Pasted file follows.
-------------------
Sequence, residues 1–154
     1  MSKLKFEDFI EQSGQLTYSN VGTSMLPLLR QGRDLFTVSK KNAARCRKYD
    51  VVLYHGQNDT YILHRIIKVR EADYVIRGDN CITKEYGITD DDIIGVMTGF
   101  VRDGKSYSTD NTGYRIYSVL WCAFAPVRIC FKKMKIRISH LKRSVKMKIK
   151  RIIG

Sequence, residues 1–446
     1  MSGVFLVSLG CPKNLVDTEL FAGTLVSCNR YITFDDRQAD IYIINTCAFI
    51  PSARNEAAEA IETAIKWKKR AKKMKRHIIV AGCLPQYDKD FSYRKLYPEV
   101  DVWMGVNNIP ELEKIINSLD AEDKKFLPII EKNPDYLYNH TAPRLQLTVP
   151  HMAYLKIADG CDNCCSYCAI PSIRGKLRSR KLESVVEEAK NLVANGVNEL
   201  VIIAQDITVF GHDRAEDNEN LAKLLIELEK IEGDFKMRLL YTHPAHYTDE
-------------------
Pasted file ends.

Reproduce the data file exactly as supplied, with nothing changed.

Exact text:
Sequence, residues 1–154
     1  MSKLKFEDFI EQSGQLTYSN VGTSMLPLLR QGRDLFTVSK KNAARCRKYD
    51  VVLYHGQNDT YILHRIIKVR EADYVIRGDN CITKEYGITD DDIIGVMTGF
   101  VRDGKSYSTD NTGYRIYSVL WCAFAPVRIC FKKMKIRISH LKRSVKMKIK
   151  RIIG

Sequence, residues 1–446
     1  MSGVFLVSLG CPKNLVDTEL FAGTLVSCNR YITFDDRQAD IYIINTCAFI
    51  PSARNEAAEA IETAIKWKKR AKKMKRHIIV AGCLPQYDKD FSYRKLYPEV
   101  DVWMGVNNIP ELEKIINSLD AEDKKFLPII EKNPDYLYNH TAPRLQLTVP
   151  HMAYLKIADG CDNCCSYCAI PSIRGKLRSR KLESVVEEAK NLVANGVNEL
   201  VIIAQDITVF GHDRAEDNEN LAKLLIELEK IEGDFKMRLL YTHPAHYTDE